How to Drive In a Traffic Jam? - Vol.393
Traffic jams are an everyday reality for millions of people around the world. Many drivers plan their day and model their lifestyle according to traffic congestion. The list of things that you can do inside the car while being stuck in traffic grows impressively longer with only our creativity being the limit.
This is not a bad thing, but checking your make up, calling your mother or getting some work done on your laptop isn't going to get you out of that queue. When they are not a result of some unpredictable event, traffic jams follow a certain pattern. The morning and the late afternoon rush hour are times notoriously associated with road congestion.
Tips for a Smooth Passage
So, the first and best thing to do is to try to avoid traffic jams altogether. Keep yourself informed about the current road conditions or any planned works involving the road infrastructure. For this, there are many smartphone apps available. The good old radio is still a solid option too.
If your previous experience allows you to find an alternative route to get from A to B, by all means, use it. However, if staying out of it is impossible you should probably look for some advice about how to cope with a traffic jam. Here are some useful tips:
- Try to predict your route few steps ahead so that you can choose the best lane (changing lanes can be difficult in a traffic jam)
- Stay focused, keep your eyes on the road and check the mirrors
- Signal - make sure that you use the lights, blinkers, and the horn when needed
- Keep a safe distance from other vehicles and follow the traffic flow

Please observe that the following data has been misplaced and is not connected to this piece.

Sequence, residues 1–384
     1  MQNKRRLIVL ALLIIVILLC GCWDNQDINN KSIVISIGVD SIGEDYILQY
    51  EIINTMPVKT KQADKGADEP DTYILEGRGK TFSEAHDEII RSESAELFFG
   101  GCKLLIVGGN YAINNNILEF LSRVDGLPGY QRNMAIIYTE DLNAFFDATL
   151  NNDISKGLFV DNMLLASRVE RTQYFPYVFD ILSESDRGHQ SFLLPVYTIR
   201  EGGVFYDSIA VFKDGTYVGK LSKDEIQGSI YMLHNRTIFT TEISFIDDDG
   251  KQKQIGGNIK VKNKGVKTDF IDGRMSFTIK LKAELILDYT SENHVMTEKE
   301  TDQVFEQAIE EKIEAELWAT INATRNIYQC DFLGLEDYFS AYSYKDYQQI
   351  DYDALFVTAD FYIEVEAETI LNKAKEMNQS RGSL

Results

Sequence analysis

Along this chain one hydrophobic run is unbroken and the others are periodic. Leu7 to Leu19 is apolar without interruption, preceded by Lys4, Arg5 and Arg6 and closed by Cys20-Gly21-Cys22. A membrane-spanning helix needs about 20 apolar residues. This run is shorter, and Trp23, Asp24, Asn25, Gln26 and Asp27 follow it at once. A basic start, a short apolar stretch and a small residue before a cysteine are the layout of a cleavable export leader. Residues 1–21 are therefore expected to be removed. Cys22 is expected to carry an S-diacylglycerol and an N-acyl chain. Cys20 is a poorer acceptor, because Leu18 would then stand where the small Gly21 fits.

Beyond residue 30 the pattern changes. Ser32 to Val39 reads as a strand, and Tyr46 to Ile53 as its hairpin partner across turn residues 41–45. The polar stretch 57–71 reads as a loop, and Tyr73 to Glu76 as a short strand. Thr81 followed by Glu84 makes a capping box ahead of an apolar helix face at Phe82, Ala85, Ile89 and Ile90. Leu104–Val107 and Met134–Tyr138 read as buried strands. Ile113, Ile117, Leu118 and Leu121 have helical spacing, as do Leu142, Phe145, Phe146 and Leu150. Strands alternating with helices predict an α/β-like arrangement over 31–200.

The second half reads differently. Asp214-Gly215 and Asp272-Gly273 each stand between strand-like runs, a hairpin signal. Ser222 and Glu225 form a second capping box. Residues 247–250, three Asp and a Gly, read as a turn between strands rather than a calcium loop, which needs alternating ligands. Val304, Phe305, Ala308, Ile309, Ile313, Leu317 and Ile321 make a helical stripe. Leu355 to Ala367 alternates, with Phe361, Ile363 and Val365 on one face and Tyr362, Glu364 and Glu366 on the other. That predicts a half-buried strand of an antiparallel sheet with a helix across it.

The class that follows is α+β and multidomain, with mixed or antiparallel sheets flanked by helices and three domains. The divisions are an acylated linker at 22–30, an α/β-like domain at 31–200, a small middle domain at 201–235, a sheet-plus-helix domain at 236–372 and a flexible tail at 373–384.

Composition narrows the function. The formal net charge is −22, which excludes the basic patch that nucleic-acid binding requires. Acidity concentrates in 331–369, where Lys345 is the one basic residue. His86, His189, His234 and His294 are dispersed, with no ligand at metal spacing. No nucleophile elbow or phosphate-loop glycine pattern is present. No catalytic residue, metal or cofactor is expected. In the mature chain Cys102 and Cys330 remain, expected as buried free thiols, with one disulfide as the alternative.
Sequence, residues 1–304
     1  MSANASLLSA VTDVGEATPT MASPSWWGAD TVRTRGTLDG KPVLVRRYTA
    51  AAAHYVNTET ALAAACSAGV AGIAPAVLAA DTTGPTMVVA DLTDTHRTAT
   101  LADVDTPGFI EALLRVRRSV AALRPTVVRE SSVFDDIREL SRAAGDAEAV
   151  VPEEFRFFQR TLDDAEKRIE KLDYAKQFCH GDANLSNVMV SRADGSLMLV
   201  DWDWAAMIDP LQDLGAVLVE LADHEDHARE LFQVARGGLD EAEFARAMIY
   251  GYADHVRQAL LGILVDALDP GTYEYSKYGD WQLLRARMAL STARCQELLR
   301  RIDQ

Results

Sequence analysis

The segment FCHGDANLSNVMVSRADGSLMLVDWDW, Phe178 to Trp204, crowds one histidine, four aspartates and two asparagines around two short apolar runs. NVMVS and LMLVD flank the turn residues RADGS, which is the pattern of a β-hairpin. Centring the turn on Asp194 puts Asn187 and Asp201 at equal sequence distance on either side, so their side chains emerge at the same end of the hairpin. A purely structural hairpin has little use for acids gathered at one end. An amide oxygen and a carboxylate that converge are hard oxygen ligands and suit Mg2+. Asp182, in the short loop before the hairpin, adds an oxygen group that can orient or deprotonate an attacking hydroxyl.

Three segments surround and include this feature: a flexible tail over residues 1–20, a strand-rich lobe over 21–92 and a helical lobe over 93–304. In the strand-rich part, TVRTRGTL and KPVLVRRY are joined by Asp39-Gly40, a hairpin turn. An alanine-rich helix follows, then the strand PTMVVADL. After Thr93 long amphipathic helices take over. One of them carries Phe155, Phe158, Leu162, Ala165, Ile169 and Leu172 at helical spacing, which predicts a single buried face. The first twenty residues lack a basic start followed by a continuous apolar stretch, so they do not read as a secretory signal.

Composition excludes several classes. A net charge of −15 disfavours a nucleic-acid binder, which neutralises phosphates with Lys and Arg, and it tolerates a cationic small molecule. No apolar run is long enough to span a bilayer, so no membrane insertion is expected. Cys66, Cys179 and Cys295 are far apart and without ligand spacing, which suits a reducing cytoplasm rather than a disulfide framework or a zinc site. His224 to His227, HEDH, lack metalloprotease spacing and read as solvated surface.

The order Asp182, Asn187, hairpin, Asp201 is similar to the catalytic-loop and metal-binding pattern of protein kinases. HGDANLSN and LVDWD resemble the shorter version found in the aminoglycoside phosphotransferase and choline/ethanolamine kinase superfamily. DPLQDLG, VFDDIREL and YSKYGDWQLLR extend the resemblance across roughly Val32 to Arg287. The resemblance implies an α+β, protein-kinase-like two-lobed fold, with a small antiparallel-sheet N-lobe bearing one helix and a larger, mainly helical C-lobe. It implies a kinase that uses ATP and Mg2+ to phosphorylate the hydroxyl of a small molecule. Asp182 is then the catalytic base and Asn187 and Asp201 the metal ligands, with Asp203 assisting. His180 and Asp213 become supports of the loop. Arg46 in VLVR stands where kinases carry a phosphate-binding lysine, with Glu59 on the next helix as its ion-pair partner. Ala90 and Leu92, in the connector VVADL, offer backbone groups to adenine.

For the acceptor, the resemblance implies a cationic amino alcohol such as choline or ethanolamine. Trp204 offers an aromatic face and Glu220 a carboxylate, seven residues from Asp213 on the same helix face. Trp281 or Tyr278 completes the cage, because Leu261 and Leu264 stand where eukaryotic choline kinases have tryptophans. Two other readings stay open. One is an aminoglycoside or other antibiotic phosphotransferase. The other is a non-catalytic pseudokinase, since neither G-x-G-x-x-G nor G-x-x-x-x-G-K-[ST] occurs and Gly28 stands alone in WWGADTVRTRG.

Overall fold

- Don't get distracted - loud music or the cellphone ringing constantly can be both distracting and agitating
The Impact on Society
Traffic jams are affecting the individual's quality of life but they are also affecting societies. Longer time spent in the car greatly contributes to pollution, through higher CO2 emission. The noise levels in urban areas are increased. Traffic accidents are also more likely to happen in the stressful, traffic jam, environment.
Some studies have shown that the average American driver, yearly, spends 42 hours more inside the car due to traffic jams. Big cities and frequent inter-city highways are places where traffic congestion most often occurs. For many years, there have been initiatives and attempts to resolve this issue. Introduction of congestion fees was one of the first measures.
A good example of this is London, UK. There, a weekly ￡50 congestion fee has resulted in a decreased number of vehicles passing through the central areas of the city. Other proposed solutions focus on better planning during the construction of the road infrastructure. Better public transport connections have also been proposed, and a lack of parking was identified as one of the important culprits as well.
Is There a Future for Traffic Jams?
In the future, many traffic experts are hoping that new technologies will enable better traffic control. Drones are already being used to provide real-time information about occurring traffic jams. Systems of smart traffic signals are tested in an attempt to allow for traffic signals to adjust to road conditions at a given time during the day.
Automated vehicles are also seen as a possible solution. Their use will not necessarily decrease the number of cars on the roads. But the hope is that such "smart vehicles" will contribute to smarter travel planning, a decrease in the number of accidents, and a better use of the traffic infrastructure and resources.